[Ess. x. well-known passage of the Old Testament relating to Jehovah, is perhaps more really forcible as an evidence of the deity of our Lord than the most deliberate and direct affirmation of that doctrine; for such an application affords a plain indication that the doctrine in question was currently and (if the term be not improper) familiarly admitted and understood both by the authors of the New Testament and by those persons, in their own age, for whose use their writings were intended. Nevertheless, the truth, to which the apostle has thus incidentally adverted, he has elsewhere deliberately and directly affirmed.

I venture to assert, that there is not to be found in the whole Scriptures a single passage which bears stronger marks of deliberation, decision, and solemn emphasis-not one of which the authority, in point of reading, is more irrefragably determined-not one of which the interpretation is more truly placed beyond the reach of an unsound and infidel criticism-not one in which the highest meaning of the divine name is more plainly indicated by the context-than that memorable passage in which this apostle has promulgated to the church, in all generations, the absolute deity of Christ preexistent. "In the beginning was the Word, and the Word was with God, and the Word was GOD: the same was in the beginning with God :" John i, 1, 2.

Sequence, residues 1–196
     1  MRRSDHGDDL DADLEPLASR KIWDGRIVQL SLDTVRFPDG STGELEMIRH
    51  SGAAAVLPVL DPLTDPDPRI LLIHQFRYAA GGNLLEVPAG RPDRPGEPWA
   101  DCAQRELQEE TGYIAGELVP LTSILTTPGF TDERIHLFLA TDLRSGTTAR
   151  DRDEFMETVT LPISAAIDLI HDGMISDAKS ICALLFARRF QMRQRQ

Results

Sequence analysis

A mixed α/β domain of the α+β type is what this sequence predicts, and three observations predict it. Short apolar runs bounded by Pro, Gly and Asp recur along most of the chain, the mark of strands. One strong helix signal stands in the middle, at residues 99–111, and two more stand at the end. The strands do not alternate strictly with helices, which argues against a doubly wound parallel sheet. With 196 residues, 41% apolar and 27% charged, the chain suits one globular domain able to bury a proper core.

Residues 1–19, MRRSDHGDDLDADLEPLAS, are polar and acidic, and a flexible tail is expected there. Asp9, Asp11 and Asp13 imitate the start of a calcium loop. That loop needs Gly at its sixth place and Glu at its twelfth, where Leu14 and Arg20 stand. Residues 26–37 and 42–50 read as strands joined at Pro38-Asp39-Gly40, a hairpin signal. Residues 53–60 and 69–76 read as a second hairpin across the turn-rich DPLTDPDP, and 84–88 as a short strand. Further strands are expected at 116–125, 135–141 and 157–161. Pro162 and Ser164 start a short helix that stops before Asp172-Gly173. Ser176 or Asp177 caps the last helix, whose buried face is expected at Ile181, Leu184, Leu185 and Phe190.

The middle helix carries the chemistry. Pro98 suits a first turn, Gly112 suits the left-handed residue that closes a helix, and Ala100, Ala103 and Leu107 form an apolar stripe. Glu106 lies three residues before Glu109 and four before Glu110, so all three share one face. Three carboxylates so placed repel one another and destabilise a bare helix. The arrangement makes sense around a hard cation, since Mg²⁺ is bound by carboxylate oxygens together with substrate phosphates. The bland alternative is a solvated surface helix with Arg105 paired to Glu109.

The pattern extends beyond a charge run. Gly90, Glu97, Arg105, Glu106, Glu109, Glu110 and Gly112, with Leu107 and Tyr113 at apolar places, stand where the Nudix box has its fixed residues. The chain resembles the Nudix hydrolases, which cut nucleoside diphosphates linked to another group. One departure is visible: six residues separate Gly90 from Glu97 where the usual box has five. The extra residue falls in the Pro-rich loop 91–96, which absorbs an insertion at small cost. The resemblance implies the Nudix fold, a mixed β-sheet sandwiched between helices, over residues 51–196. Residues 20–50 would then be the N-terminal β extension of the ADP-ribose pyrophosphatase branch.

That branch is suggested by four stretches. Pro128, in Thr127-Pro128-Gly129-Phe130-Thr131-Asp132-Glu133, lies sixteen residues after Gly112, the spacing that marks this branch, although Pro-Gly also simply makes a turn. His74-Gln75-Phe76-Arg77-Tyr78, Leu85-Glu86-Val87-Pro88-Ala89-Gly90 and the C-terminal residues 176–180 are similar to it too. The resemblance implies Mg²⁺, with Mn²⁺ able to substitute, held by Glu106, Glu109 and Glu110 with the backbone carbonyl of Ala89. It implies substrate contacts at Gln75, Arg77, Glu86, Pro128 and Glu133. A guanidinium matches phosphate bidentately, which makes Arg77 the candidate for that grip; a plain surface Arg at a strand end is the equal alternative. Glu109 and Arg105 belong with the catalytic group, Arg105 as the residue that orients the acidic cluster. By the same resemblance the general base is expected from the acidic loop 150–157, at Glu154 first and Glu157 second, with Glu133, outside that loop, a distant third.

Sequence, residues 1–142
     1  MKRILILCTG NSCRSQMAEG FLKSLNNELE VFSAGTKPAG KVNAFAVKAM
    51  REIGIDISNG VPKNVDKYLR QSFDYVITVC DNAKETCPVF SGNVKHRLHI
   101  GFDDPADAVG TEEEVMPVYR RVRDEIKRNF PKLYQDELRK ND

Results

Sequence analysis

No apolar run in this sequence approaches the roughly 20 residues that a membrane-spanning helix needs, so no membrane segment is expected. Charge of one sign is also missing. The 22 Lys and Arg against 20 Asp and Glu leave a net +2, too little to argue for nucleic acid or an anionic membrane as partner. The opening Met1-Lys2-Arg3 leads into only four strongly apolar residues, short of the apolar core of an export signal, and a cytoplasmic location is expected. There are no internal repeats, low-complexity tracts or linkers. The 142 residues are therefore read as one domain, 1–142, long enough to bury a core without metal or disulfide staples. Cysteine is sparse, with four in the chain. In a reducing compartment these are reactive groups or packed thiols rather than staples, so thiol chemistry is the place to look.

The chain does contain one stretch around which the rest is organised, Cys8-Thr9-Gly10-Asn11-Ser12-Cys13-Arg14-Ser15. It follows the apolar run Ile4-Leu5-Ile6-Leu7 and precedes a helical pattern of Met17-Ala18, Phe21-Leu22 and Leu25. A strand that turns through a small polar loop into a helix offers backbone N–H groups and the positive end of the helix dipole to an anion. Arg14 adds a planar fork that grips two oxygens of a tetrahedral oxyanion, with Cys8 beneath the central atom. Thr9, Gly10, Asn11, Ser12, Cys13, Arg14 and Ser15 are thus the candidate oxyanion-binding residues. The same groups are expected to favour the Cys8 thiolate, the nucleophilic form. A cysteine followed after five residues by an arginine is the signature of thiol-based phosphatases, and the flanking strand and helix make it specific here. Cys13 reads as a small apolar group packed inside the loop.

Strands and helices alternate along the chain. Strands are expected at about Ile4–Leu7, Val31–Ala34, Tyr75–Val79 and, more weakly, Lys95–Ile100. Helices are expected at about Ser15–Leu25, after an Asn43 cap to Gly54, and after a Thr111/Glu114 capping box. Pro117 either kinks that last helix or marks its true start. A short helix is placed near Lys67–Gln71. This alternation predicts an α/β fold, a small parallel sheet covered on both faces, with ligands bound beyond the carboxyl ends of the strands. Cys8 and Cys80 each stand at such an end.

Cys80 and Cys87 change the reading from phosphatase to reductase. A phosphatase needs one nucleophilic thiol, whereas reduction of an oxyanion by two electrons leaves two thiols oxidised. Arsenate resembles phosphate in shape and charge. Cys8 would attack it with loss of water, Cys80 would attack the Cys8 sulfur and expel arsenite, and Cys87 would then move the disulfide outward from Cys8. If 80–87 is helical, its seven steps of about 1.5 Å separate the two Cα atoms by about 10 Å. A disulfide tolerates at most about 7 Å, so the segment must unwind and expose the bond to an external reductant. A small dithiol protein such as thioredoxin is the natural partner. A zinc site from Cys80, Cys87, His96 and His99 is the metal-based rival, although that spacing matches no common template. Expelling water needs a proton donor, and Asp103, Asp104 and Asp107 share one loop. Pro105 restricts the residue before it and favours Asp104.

On reviewing the contents of the present dissertation, we are to remember that, in the numerous passages of the New Testament which speak of our Lord's having proceeded from God, and of his having descended from heaven and come into the world, there is a distinct recognition of the fact of his preexistence with God and in heaven-that, from other declarations of Scripture, we learn that Christ was in being before John the Baptist; in the days of Job; before Abraham; in the beginning; before the foundation of the

Ess. x.]